Midwife recognised with gold award

Congratulations to midwife Mary Sheridan who was presented with a Gold Award by England's Chief Midwifery Officer, Professor Jacqueline Dunkley-Bent.

 

Mary has been a midwife at Guy’s and St Thomas’ for 30 years and a lecturer at King’s College London for 18 years. She was recognised for her outstanding contribution to both clinical practice and research.

 

The Chief Midwifery Officer awards recognise and celebrate midwives who go above and beyond their roles providing excellent care, leadership and inspiration every day.

 
Doctor's win for NHS rainbow badge

Congratulations to Evelina London sleep consultant Dr Michael Farquhar for winning the inspiration category at the Proud Scotland Awards.

 

Michael was recognised for leading the NHS rainbow badges scheme. Since launching around three months ago more than 3,000 Trust staff are wearing the badge.

 

The badge supports lesbian, gay, bisexual and transgender patients and has been backed by Strictly Come Dancing star and former Evelina London paediatrician, Dr Ranj.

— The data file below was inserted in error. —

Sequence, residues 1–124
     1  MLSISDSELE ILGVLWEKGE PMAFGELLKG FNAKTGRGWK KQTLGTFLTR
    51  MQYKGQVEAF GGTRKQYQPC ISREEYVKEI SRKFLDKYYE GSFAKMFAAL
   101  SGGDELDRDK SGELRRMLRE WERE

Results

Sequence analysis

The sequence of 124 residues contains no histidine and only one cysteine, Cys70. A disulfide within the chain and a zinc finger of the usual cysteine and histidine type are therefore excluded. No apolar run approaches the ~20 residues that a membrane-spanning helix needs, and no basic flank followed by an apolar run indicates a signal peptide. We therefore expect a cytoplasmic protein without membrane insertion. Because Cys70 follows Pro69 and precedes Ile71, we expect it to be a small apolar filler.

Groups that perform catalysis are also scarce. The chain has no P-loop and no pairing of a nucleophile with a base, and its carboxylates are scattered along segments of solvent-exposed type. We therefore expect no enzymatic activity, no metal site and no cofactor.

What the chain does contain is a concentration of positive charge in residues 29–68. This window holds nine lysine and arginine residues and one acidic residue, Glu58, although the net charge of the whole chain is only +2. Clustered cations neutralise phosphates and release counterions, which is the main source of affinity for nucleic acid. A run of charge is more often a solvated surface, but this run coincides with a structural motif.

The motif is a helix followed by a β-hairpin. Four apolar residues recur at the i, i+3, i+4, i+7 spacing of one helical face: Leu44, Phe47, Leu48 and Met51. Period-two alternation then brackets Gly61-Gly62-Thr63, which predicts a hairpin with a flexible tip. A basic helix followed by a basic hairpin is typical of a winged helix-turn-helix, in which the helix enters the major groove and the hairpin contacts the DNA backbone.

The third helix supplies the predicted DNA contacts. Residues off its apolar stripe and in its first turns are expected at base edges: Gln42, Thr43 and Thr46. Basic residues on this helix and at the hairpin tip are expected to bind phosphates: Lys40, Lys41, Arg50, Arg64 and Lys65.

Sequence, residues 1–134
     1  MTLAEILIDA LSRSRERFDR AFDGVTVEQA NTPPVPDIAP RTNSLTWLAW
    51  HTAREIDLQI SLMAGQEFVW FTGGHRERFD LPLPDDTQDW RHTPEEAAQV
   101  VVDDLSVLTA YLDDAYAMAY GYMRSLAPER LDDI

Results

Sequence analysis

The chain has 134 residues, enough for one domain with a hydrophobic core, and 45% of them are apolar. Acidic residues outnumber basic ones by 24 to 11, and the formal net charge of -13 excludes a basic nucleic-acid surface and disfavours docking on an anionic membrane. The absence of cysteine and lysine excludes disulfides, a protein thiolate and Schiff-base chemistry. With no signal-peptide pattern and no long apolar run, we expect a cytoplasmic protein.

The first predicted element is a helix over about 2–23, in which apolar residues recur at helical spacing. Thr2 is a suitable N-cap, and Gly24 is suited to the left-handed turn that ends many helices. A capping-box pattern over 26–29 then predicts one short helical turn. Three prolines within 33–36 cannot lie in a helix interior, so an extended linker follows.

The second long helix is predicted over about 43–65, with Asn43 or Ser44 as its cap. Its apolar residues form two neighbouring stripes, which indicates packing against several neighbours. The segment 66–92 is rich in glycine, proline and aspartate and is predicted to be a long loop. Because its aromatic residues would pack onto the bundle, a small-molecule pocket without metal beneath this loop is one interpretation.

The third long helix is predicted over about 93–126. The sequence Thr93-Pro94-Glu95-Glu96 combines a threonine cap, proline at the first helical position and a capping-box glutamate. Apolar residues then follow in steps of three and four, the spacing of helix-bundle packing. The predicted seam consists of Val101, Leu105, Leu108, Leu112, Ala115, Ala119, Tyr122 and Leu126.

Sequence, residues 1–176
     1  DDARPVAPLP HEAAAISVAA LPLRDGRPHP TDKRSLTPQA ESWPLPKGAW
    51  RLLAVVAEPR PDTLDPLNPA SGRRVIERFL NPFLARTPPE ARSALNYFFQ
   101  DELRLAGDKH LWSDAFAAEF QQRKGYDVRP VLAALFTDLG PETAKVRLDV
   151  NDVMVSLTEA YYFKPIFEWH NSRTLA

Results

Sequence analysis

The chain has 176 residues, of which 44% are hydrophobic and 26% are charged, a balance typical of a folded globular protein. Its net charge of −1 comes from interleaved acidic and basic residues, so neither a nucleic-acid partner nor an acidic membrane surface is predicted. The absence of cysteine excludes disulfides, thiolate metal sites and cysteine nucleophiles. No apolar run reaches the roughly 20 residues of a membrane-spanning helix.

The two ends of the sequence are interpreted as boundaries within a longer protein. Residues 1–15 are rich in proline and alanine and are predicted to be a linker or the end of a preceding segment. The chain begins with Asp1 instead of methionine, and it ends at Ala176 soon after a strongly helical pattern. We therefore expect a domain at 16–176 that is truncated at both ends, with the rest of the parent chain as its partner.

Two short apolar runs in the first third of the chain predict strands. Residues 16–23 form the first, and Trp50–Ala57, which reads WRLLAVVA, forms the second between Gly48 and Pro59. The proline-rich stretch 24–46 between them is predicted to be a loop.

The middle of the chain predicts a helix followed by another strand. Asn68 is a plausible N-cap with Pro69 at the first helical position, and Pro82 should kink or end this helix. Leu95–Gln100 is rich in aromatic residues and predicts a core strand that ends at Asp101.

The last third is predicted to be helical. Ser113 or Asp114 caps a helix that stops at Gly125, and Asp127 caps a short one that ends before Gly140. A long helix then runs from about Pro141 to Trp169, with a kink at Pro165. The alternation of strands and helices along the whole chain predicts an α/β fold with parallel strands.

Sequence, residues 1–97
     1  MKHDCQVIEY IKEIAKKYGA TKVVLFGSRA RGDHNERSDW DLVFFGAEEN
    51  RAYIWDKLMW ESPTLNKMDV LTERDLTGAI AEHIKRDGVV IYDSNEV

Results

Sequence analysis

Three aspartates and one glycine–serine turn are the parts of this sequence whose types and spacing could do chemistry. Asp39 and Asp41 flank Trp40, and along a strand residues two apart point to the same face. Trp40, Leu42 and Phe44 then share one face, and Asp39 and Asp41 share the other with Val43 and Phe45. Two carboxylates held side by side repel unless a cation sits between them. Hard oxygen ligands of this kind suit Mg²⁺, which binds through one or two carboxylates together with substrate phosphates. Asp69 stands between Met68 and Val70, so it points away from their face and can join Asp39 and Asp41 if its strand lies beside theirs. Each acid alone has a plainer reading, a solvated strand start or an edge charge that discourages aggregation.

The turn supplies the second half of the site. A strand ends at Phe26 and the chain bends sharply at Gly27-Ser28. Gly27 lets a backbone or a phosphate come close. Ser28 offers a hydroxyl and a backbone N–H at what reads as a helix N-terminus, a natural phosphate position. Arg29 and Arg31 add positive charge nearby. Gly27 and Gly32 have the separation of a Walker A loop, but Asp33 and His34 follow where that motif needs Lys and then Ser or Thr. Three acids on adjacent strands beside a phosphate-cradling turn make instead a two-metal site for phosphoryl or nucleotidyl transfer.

Rare disease nurse scoops award

Congratulations to our rare disease lead nurse Jane Clapham for winning a Cavell Star Award.

 

Jane is an Epidermolysis Bullusa (EB) nurse and was nominated for providing exceptional care to patients and their families. EB is the name for a group of rare inherited skin disorders that cause the skin to become very fragile.

 

The Cavell Star Award recognises nurses, midwives and healthcare assistants who deliver outstanding care.

 
Nurses recognised for research

Two senior nurses from Guy’s and St Thomas’ have been selected for a national scheme to promote nurses and midwives leading research.